Singapore sector opportunitiesBY LAWRENCE YEO
Current biggest business challenges include intense competition and low margins (due to an open economy and liberal trading environment), inflationary costs (due to rental expenses and tightening labour market caused by reduced foreign workers) as well as increasing uncertain external demand for Singapore exports from Europe and USA.
Despite an increasingly challenging and tough environment, businesses and employees must still go on with life. One way is to continue identifying market opportunities and change accordingly.
Sectors which are still relatively protected against foreign entrants include audiovisual and media services, banking and education, basic telecommunications, pay TV, and legal services.
These open sectors continue to offer good prospects: aircraft and parts, computer hardware and software, electronics, franchises (especially in F&B), laboratory and scientific instruments, medical devices, oil and gas equipment, pollution control equipment, telecommunication equipment, and university education services.
Upcoming new projects under construction include drainage improvement, healthcare facilities expansion and upgrading, LNG terminal, MRT rail lines and stations, public hospitals and medical centers, and underground oil storage facility.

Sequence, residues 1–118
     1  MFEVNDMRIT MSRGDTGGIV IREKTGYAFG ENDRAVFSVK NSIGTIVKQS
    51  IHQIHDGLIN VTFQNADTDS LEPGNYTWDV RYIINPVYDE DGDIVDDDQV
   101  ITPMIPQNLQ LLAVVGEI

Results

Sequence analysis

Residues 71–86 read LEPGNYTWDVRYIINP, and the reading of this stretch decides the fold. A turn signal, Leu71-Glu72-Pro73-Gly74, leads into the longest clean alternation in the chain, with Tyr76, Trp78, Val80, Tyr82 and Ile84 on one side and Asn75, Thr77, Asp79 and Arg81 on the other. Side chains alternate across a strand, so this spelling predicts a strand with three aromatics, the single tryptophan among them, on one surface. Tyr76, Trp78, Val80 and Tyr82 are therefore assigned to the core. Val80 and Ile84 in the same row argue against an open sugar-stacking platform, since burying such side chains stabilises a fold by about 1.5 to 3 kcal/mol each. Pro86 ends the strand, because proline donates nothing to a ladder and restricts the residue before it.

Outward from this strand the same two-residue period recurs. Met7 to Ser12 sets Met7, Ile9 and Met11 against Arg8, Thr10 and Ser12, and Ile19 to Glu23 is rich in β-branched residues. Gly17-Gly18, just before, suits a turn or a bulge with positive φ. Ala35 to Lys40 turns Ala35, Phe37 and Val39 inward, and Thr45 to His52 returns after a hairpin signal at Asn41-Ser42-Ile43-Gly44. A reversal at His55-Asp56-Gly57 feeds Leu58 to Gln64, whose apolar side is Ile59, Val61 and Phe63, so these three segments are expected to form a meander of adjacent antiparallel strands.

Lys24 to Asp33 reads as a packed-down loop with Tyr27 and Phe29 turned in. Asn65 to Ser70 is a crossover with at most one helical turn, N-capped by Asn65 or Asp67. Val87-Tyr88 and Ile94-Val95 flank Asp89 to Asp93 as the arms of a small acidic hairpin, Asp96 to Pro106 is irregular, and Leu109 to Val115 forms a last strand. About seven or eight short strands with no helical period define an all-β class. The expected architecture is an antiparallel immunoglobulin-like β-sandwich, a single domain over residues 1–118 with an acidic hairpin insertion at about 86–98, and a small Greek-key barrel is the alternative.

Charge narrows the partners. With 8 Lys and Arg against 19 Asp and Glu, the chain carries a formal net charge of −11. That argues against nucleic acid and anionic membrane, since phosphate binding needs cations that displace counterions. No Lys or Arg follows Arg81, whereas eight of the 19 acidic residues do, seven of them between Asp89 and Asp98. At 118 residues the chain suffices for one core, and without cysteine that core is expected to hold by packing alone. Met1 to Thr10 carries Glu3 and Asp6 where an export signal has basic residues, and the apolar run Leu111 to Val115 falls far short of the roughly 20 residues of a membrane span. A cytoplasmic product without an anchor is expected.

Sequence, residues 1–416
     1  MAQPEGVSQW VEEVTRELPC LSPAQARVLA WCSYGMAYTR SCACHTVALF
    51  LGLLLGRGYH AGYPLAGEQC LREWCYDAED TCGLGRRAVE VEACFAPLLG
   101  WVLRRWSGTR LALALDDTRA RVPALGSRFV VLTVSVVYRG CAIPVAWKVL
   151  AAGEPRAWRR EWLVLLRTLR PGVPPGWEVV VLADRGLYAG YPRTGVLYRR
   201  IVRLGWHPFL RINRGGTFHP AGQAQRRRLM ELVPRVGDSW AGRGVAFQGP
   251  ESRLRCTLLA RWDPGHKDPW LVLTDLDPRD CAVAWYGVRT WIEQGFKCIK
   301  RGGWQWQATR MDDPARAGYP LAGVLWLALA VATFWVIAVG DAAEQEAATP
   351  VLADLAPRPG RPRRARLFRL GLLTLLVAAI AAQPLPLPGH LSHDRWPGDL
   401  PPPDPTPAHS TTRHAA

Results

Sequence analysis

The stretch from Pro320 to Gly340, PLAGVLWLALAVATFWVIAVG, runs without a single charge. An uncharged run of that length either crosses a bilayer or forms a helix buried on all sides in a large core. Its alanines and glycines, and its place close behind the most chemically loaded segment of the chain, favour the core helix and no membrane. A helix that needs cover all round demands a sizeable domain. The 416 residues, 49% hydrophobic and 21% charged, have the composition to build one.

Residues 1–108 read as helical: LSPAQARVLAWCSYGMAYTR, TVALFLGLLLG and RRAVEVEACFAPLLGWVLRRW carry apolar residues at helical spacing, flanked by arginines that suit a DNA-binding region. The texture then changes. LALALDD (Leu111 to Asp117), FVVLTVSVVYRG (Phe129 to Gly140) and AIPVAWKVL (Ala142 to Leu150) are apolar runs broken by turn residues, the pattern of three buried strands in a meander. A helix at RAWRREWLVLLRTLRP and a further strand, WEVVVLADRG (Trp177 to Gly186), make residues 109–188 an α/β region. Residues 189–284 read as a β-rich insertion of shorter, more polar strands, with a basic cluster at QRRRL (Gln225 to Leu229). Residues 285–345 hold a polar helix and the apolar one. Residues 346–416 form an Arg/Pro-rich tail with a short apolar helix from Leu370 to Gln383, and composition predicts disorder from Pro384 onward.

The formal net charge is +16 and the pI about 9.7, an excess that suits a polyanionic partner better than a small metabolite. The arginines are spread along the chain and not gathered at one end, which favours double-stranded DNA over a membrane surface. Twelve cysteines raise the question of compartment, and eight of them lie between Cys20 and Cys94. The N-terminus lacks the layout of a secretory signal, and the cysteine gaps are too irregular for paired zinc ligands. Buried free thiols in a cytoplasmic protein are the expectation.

Both business owners and employees should regularly monitor their constantly changing business environment. Businesses should shed obsolete or value-reducing product portfolios no longer enjoying strong demand or near market maturity, and fine-tune their USPs to match their direct competitors while watching for indirect competitors that will diversify or switch into becoming direct competitors. Slow growth is still better than your business closing.
Employees should upgrade job skills and executive education to keep in line with such changes and provide a compelling reason to retain their employment against job contenders who are younger, moreeducated and less costly, especially from overseas. Invest up front in both your formal education and on- the-job value-addition to your employers. Going the extra mile does differentiate you from your colleagues.
Your business or career should not depend excessively on government support or funding as Singapore is a workfare state, not a welfare state. As you faithfully keep watering your fruit tree, you will bear and harvest fruits one day.